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North Dakota appealing judge's decision to strike down fetal heartbeat abortion ban

North Dakota Lawmaker: “The majority of North Dakotans agree on this question and they deserve to be heard. The baby’s heartbeat deserves to be heard, too … To stop at a lower court level is to deny justice.”
By JC Sevcik   |   May 14, 2014 at 6:16 PM   |   Comments

BISMARCK, N.D., May 14 (UPI) -- North Dakota State Attorney General Wayne Stenehjem has appealed last month's decision by U.S. District Court Judge Daniel Hovland to strike down the state's six-week "fetal heartbeat" abortion ban as "invalid and unconstitutional," saying more than one judge should have a chance to review the law.

The law would ban abortions as soon as a fetal heartbeat could be detected, as early as six weeks in some pregnancies.

On April 16, Hovland wrote, "The United States Supreme Court has spoken and has unequivocally said no state may deprive a woman of the choice to terminate her pregnancy at a point prior to viability," referring to the Supreme Court's landmark Roe v. Wade decision that declares abortion legal until a fetus is viable, and adding that the state of North Dakota "has presented no reliable medical evidence to justify the passage of this troubling law."

Stenehejm is acting at the behest of more than 60 state legislator's, who sent the attorney general a letter signed by all requesting he appeal the decision. The letter was organized by State Rep. Bette Grande, R-Fargo, who introduced the original bill. In all, 63 lawmakers signed the letter, including two democrats, Rep. Naomi Muscha of Enderlin and Sen. David O'Connell of Lansford.

In the letter urging the attorney general to appeal the decision to a higher court, Grande called the law "a legitimate attempt by a state legislature to discover the boundaries of Roe v. Wade," who, according to Grande, "has not directly examined questions of the baby's growth and development in the womb" despite the advances made in medical science since 1973.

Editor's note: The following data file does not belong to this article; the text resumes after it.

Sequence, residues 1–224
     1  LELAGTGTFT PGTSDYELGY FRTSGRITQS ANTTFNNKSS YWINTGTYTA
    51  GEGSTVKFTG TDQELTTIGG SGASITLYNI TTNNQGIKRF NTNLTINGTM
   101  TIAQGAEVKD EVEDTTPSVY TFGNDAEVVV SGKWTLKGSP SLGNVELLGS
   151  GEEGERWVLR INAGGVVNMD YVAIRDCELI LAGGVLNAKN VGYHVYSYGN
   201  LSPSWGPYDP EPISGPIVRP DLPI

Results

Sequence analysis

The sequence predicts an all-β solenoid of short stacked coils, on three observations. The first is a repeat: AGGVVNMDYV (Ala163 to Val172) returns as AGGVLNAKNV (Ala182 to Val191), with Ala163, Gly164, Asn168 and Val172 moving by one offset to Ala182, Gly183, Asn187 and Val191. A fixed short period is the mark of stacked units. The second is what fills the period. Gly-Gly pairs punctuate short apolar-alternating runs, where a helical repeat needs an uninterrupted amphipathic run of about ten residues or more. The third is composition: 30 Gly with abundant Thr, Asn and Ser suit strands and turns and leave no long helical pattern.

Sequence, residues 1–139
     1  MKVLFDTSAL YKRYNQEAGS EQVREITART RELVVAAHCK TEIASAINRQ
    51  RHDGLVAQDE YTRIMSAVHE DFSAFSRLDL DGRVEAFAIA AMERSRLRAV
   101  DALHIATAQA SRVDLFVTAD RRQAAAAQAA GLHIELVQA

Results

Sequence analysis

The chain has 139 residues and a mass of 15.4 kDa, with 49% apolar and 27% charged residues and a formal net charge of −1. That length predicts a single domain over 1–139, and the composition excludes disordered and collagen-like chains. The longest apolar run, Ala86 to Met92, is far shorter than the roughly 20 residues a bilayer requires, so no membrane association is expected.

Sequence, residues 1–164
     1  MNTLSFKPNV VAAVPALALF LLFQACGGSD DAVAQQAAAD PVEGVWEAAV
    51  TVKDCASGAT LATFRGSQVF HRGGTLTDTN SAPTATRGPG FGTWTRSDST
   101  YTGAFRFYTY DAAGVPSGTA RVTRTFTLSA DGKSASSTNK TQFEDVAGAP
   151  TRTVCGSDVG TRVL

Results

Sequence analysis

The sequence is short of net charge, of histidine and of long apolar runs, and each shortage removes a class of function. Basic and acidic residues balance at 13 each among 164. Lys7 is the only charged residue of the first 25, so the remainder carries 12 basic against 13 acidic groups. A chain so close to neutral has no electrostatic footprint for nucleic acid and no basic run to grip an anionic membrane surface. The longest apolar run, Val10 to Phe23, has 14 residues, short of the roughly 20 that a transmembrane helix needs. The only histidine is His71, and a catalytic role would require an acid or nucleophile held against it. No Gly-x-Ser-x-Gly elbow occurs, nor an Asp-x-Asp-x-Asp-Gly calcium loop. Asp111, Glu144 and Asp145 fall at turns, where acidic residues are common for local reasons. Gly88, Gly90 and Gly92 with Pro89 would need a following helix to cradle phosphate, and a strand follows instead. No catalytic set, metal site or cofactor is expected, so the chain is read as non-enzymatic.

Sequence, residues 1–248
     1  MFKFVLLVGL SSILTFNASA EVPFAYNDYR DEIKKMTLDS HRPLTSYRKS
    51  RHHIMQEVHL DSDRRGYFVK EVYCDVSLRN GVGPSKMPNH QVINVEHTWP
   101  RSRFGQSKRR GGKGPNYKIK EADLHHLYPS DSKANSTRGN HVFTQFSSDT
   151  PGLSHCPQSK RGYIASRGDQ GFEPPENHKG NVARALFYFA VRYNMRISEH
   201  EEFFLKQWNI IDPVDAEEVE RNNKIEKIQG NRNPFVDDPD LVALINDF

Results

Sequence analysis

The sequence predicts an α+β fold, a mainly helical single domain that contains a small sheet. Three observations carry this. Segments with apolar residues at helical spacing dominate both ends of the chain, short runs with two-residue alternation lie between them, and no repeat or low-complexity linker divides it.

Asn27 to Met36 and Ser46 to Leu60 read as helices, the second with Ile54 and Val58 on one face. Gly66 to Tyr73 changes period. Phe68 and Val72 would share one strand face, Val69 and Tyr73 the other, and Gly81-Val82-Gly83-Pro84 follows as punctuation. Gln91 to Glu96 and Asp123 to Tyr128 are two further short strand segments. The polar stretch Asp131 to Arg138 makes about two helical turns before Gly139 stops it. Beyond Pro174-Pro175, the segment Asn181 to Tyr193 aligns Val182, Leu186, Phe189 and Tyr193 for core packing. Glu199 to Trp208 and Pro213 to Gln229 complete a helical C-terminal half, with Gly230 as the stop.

"The majority of North Dakotans agree on this question and they deserve to be heard," Grande's letter reads, according to the Bemidji Pioneer. "The baby's heartbeat deserves to be heard, too. ... To stop at a lower court level is to deny justice."

But David Brown, a staff attorney for the Center for Reproductive Rights, who filed the lawsuit opposing the ban last June on behalf Red River Women's Clinic in Fargo, North Dakota's one and only abortion provider, said the Supreme Court "has never even so much as hinted that they intend to reverse Roe v. Wade, and that is what would be required to uphold this law. They've had plenty of opportunities to do what Rep. Grande seems to be urging in her letter, and they've never once done so. I just don't see a reason to believe they will."

Brown and the center are prepared for the appeal.

"We'll do whatever's in our power to ensure the reproductive rights of North Dakota women are safeguarded," he said.

Follow @JCSevcik and @UPI on Twitter.
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